The $1.4 trillion set aside for loans to small, medium and large businesses under the CARES Act stimulus package is a double-edged sword. It provides relief to businesses struggling in the current pandemic environment. It also, however, increases the risk of government investigations, FCA (“False Claims Act”) actions and private lawsuits. As explained below, Gordon & Rees recommends that all businesses accepting CARES Act funds implement or update a compliance program designed to prevent fraud and ensure accurate accounting of CARES Act funds. There are also certain steps businesses can take to mitigate their risk in the event of an investigation or suit.
The FCA is one of the government’s most effective tools for investigating and bringing lawsuits related to alleged corporate misuse of government funds. 31 U.S.C. §§ 3729-3733. The law also imposes multiples of damages (up to three times the violation) and statutory fines. FCA investigations are costly, time consuming and invasive. Businesses that accept CARES Act funds should be prepared to be investigated for possible FCA violations. The government assistance of today is the grist for the government investigations of tomorrow. The government also can use Civil Investigation Demands (essentially subpoenas) and other means to obtain information prior to initiating an FCA lawsuit.
In addition, businesses should be aware of the possibility of “qui tam” lawsuits, whistleblowers, competitors, former employees and others may bring to enforce the FCA. These private “attorney general” lawsuits allow the plaintiff to recover up to 30% of any damages awarded. Investors may also file securities lawsuits under various provisions of the Securities Act of 1933 and the Securities and Exchange Act of 1934 if a publicly traded company is investigated and found to have violated the FCA or other federal law regarding the acceptance and use of government funds. In addition to FCA suits, the Securities and Exchange Commission and investors may also pursue actions. In short, the government is not the only party who may initiate legal action against businesses that accept CARES Act funds. The risks are real and the financial stakes are high.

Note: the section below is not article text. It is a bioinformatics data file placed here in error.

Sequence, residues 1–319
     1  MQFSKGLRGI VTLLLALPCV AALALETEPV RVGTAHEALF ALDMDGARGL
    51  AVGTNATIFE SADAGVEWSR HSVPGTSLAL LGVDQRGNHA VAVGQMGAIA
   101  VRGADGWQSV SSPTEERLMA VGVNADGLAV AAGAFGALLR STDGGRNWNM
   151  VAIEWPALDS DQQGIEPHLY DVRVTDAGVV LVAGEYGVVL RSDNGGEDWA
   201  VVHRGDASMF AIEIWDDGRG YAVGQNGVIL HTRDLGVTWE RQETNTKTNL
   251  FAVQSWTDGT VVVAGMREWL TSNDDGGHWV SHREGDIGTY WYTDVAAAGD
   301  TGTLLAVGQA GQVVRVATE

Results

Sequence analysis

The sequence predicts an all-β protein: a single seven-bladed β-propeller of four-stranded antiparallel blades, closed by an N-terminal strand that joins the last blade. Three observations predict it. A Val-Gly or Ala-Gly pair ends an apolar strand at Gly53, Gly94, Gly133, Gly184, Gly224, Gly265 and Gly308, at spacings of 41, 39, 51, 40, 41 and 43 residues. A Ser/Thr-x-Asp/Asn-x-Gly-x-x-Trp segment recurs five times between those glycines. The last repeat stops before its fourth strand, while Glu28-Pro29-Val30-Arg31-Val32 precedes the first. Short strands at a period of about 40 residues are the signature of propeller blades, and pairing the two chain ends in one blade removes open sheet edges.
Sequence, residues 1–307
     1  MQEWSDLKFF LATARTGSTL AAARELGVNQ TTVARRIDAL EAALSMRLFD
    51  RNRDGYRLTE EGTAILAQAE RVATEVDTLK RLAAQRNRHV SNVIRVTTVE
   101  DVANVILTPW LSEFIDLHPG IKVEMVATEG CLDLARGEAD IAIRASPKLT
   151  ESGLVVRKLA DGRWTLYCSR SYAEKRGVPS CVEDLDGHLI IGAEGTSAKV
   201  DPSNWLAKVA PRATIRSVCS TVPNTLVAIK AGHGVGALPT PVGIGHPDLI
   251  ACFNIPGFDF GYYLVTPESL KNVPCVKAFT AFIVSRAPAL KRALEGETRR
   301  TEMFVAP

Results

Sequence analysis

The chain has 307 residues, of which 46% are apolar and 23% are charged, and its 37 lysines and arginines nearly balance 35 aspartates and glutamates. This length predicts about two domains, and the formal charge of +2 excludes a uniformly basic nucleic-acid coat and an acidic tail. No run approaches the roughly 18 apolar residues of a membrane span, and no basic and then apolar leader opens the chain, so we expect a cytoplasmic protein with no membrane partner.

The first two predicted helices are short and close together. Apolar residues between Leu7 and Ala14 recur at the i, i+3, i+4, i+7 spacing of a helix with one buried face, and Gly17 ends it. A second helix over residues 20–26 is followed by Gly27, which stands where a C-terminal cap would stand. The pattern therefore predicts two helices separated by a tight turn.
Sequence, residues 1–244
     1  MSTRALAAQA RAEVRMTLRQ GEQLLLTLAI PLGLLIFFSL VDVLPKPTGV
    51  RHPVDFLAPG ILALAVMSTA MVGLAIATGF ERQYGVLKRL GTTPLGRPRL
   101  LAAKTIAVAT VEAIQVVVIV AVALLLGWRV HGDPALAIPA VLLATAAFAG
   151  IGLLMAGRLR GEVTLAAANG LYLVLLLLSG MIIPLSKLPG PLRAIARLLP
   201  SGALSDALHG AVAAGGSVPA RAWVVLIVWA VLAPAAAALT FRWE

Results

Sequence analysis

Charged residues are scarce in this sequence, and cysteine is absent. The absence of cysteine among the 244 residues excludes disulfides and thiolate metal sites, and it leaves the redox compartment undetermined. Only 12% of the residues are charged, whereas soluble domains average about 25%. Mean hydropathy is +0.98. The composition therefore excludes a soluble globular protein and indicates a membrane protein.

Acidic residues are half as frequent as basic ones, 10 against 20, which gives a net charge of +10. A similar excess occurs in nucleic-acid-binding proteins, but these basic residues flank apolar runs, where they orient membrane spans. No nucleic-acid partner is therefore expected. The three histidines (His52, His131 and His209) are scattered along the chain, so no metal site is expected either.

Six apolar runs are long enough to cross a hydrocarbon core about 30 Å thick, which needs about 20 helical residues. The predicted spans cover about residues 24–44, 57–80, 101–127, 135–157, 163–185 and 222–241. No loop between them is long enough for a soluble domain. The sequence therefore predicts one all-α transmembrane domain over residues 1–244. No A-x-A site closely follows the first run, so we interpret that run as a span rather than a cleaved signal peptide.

The Department of Justice and other agencies, however, have expressed a willingness to consider that a business has a strong compliance program in making decisions whether to settle and/or reduce penalties for violations. In other words, the government is likely to work with a company if it is convinced that the company’s anti-fraud compliance program, and efforts, are robust and bona fide (e.g., such efforts tend to negate the inference of intentional wrongdoing). A fraud prevention program coupled with the following precautionary measures are generally prudent business practices as well as the best preparation for a government investigation related to acceptance and use of CARES Act funds:
- Obtain advice about the current law and regulations governing acceptance of CARES Act funds;
- Adopt or revise an anti-fraud compliance program to insure it is current and effective;
- Implement auditing, management and control procedures which demonstrate CARES Act compliance and insure accurate financial reporting;
- Strict compliance with all representations and warranties made for acceptance of CARES Act funds;
- Perform periodic internal audits concerning the receipt, use, and reporting relating to CARES Act funds;
- Implement an internal fraud reporting procedure (anonymous is best);
- Adopt strong anti-retaliation procedures against anyone reporting potential wrongful conduct; and
- Obtain advice before deciding whether to forgo compliance with any CARES Act or government requirement.